-> If your audience is your sales team, show them projected sales. Example: We expect to sell 200 licenses to our new Forecaster product, plus services, for a total order of $575,000.

If it's not a brand new product, and you have real sales figures, amend the language to say, "We sold…" rather than "We expect to sell."

"Product managers are in two forms of competition," says Cohan. "They're competing with other vendors, but they're also often competing for share of mind with other product managers." When a sales person has three or four product lines to sell, they're going to sell the ones that are easiest to sell and that generate the biggest margin. Build the perception that selling your product is going to make them successful.

-> If your audience is actual prospects, show them the end deliverable product as an illustration. This doesn't mean showing them each step of how to use your software -- quite the reverse in fact. Start by showing them the best final feature of the software as it delivers the information the prospect wants.

In the above case, the end deliverable might be an excel spreadsheet that is an actual, rolled-up sales forecast complete with information by regions, sales reps, etc.

Note: Sometimes this slide is even more effective if you bring an actual piece of paper (when applicable) to hold in your hand. If your meeting is in person, hold up the printout of the actual sales forecast. "What you're looking at here is the rolled-up forecast complete with forecasts by regions and sales reps. And you can produce this from your computer in a few clicks. Are you interested in seeing how to do this?"

If you've taken the right angle on the high-probability sales situation, says Cohan, the audience will not only say "Yes," they'll say, "Yes, please."

Keep clicks to a minimum

Once you've shown the end-deliverable, use the software to show, in as few clicks as possible, how you got there. Do not use this step to show all the features of the software and all the wonderful things it can do. Instead, continue honing in on the single most important factor: the end deliverable.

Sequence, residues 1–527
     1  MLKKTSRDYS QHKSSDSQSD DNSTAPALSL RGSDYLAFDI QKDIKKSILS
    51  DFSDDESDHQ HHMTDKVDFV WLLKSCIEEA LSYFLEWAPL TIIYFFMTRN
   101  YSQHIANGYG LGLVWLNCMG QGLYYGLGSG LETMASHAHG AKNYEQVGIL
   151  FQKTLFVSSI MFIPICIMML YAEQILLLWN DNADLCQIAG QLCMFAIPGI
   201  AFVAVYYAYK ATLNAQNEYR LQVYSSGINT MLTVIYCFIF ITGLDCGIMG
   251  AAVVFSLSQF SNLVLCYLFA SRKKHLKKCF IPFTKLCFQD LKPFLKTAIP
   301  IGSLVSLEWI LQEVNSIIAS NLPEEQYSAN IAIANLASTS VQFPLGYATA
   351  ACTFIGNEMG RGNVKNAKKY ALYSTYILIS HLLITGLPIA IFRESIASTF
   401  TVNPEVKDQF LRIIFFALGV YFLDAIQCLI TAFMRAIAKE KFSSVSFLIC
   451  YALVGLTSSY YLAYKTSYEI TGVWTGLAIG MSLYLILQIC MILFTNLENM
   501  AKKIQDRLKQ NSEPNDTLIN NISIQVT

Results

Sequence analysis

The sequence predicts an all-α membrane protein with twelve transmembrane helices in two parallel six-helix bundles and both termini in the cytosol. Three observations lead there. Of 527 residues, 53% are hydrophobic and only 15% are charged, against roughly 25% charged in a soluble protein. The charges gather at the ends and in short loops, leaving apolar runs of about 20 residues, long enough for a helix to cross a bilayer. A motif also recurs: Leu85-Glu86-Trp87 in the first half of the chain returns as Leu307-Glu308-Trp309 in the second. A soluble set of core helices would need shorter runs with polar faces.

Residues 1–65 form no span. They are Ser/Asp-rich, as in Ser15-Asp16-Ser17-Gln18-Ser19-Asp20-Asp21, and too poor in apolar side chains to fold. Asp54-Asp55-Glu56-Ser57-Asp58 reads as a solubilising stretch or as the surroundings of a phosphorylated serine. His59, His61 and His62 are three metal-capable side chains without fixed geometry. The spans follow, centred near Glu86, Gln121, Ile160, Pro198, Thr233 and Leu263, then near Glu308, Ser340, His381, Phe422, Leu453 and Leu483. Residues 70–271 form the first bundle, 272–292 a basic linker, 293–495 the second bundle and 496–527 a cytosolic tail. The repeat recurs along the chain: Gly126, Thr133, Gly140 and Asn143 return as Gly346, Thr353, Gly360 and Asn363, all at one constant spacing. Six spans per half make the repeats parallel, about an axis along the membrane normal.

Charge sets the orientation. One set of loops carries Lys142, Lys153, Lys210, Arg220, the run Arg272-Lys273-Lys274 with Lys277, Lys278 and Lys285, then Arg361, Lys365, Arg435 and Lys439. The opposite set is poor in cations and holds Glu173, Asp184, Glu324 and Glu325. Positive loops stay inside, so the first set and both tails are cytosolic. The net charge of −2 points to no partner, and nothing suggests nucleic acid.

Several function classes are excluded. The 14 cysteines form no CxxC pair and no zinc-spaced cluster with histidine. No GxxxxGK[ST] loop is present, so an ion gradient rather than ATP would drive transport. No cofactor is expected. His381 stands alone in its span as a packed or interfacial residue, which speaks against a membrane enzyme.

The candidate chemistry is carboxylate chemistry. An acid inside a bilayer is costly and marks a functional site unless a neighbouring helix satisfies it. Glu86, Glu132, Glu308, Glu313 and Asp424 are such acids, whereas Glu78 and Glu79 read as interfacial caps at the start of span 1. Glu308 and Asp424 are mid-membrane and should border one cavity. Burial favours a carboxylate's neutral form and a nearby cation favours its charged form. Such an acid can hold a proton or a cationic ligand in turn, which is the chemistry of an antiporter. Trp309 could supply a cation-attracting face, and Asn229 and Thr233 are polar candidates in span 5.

Critical: With every single extra click you will lose some of your audience's interest. Software demos are a lot like ecommerce shopping carts where with each additional page a shopper has to go through, there's a higher abandonment rate.

So, once you've honed your demo to the minimum clicks, count them and rethink. Is there a click you could lose? Often you'll find you can cut even more of them.

Make detailed Q&A 75%-80% of your demo time

Now is the opportunity to show off all the features. If you've gotten to the key deliverable of the software within a short amount of time (five to 10 minutes), you will have excited your audience and they will be ready to ask questions, such as:

--Can you sort that by state?
--Can you filter out all the reps who haven't made their quota?
--Can you change the headers to blue?

You can answer their questions by showing them how to do it, simultaneously showing off the features of the software. This allows you to peel back from the end deliverable to reveal the layers of complexity depending on the audience depth and level of interest.

You may wind up creating many slides for this time that are not used or that are used in a very different order than you had anticipated. In effect, you've given the demo driving wheel over to the prospects.

And, if you've done a good job of setup with the intro, they're loving it.

The Second Derivative: http://www.secondderivative.com/aboutus.html